To establish ineffective assistance of counsel, petitioner must show that his
counsels performance was so deficient that counsel was not performing to the
level guaranteed by the Sixth Amendment, and that counsels deficient
performance prejudiced him.

See Strickland v. Washington , 466 U.S. 668, 687

(1984). Because he pled guilty, petitioners ultimate burden on the prejudice

prong is to show that there is a reasonable probability that had his counsels
performance not been deficient, he would not have pled guilty.

See Hill v.

Lockhart , 474 U.S. 52, 59 (1985).

Petitioner submitted an affidavit stating that he was in jail on a parole
violation on the date of the second count. He claims that because he never saw a

copy of the criminal information charging him, he did not know he had a defense
to the second count, and his counsel was ineffective for failing to investigate and
discover the exculpatory evidence that would support that defense. The district
court found that the record showed petitioner was not arrested on the parole
violation until several weeks after the drug sale charged in the second count. It
also noted that the criminal information was read to petitioner at his arraignment,
that the undercover officer testified at the preliminary hearing as to when the
second count occurred, and that petitioner stated at the plea hearing that he
understood the charges against him. Relying on

Worthen v. Meachum , 842 F.2d

1179, 1184 (10th Cir. 1988), the district court concluded that petitioners claim
was wholly incredible and did not warrant an evidentiary hearing.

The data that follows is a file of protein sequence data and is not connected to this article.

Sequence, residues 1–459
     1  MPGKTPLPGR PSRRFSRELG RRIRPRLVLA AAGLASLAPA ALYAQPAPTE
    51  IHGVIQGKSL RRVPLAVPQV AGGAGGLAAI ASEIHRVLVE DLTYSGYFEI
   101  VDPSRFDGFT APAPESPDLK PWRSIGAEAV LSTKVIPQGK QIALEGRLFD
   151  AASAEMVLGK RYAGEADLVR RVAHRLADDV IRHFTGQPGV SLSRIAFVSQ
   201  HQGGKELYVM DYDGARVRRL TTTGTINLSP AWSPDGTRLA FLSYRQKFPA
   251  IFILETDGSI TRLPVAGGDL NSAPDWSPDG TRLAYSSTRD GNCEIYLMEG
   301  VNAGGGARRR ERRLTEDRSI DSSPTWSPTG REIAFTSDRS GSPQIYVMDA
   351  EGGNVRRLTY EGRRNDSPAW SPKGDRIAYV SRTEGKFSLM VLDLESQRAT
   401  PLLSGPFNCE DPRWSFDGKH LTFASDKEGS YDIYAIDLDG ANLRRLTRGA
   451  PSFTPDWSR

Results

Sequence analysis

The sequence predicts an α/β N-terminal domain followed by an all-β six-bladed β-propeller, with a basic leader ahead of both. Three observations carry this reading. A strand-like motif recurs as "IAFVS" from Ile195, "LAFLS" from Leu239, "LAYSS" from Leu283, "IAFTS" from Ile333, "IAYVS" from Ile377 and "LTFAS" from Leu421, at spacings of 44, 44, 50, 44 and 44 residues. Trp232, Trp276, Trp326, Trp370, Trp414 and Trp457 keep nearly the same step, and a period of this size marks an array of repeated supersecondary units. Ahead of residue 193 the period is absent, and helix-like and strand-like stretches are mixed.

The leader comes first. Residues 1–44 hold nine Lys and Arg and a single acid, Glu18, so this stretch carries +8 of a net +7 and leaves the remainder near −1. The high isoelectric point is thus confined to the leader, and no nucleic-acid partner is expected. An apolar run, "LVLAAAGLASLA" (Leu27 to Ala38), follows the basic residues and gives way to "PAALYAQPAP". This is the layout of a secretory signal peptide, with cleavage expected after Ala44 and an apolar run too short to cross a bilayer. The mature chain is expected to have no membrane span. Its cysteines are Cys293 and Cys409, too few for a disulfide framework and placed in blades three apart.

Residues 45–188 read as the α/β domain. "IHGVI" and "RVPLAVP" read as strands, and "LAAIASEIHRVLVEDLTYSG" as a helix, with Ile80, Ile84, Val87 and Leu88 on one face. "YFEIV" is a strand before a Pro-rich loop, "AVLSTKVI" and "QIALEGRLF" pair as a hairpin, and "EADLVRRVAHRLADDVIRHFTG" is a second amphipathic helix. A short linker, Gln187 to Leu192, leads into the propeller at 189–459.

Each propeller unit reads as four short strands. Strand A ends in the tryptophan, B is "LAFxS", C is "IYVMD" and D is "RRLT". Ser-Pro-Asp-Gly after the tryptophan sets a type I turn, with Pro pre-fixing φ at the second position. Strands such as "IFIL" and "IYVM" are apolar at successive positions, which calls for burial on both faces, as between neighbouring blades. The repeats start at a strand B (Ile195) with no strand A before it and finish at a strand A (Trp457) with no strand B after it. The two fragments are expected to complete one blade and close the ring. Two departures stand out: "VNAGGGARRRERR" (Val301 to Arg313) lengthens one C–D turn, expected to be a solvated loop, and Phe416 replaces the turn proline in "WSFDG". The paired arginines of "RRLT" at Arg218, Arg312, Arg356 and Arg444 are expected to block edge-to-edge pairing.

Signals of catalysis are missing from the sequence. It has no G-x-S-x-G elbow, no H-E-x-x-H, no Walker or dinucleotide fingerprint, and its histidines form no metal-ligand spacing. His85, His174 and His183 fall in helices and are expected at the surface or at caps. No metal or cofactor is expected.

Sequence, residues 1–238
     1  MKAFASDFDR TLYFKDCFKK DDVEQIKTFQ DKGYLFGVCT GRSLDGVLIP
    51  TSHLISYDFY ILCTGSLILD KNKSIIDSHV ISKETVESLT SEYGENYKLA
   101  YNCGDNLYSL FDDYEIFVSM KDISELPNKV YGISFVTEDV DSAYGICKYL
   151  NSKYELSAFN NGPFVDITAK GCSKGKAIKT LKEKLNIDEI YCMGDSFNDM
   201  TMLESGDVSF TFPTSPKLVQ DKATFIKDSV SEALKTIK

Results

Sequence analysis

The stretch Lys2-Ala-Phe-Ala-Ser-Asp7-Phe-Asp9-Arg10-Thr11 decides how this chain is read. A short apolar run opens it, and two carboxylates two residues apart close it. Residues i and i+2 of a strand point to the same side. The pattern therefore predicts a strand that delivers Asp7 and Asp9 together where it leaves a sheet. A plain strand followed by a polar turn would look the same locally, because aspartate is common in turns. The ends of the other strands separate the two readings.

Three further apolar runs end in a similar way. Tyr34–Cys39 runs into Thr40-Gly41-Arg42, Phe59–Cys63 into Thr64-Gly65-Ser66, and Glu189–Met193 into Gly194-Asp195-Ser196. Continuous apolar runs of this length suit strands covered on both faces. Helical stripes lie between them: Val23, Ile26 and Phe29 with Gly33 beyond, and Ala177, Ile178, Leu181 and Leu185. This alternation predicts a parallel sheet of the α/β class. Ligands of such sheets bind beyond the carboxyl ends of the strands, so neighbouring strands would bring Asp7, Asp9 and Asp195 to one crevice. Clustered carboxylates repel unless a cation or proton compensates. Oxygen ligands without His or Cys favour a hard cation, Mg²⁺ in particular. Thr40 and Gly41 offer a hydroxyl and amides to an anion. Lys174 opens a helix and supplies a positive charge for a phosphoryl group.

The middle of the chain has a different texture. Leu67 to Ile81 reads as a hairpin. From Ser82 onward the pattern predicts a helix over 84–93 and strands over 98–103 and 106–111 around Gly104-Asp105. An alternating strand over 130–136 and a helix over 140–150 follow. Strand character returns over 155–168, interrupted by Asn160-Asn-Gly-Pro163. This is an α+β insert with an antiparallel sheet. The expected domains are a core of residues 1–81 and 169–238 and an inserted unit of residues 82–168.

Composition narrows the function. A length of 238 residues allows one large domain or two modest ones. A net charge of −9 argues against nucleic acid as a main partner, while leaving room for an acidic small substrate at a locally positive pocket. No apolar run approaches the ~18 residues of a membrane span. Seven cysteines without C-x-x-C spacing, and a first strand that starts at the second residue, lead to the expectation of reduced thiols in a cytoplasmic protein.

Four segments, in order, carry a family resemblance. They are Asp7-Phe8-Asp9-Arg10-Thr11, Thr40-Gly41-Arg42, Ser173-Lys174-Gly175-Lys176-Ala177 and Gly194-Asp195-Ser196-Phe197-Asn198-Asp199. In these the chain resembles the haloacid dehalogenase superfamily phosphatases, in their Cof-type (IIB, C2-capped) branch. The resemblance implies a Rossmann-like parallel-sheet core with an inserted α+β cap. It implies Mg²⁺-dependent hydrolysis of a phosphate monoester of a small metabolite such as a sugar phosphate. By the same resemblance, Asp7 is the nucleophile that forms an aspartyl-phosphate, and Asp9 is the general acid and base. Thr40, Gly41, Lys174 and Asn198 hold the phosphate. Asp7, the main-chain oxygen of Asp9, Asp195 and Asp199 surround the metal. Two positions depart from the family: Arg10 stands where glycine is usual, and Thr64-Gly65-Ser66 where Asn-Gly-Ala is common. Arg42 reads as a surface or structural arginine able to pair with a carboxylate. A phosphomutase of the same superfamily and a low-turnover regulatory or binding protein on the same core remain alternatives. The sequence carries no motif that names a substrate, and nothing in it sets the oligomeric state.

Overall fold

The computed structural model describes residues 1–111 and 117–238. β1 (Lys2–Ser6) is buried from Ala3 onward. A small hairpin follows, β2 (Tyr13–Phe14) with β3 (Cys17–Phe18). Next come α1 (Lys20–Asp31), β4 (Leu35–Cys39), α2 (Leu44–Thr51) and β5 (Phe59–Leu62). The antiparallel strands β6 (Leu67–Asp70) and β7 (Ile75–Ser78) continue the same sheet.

See Lasiter

v. Thomas , 89 F.3d 699, 703 (10th Cir. 1996).

In the other part of his ineffective counsel claim, petitioner contends that
his counsel was ineffective for failing to move to suppress the undercover
officers out-of-court identification of him as unconstitutionally suggestive.
See Neil v. Biggers , 409 U.S. 188, 199-200 (1972). The officer had identified
him from a photograph after the second transaction, and also later identified him
at the preliminary hearing. The court held that even had the one-photo
identification been unduly suggestive, it was constitutionally permissible because
the officer had ample opportunity to view petitioner during the sales, was

attentive, had previously described petitioner accurately, and was certain of the
identification, and because the identification occurred only four days after the
second transaction.

See id. The court concluded that counsel was not ineffective

for failing to challenge this identification.

On appeal, petitioner reargues his claims of ineffective counsel. We have
fully considered his arguments and reviewed the record, and conclude, for
substantially the same reasons as stated in the magistrate judges report, that his
arguments are without merit and that he has failed to make a substantial showing
of the denial of a constitutional right. The application for a certificate of
appealability is therefore DENIED, and the appeal is DISMISSED.

Entered for the Court

Michael R. Murphy
Circuit Judge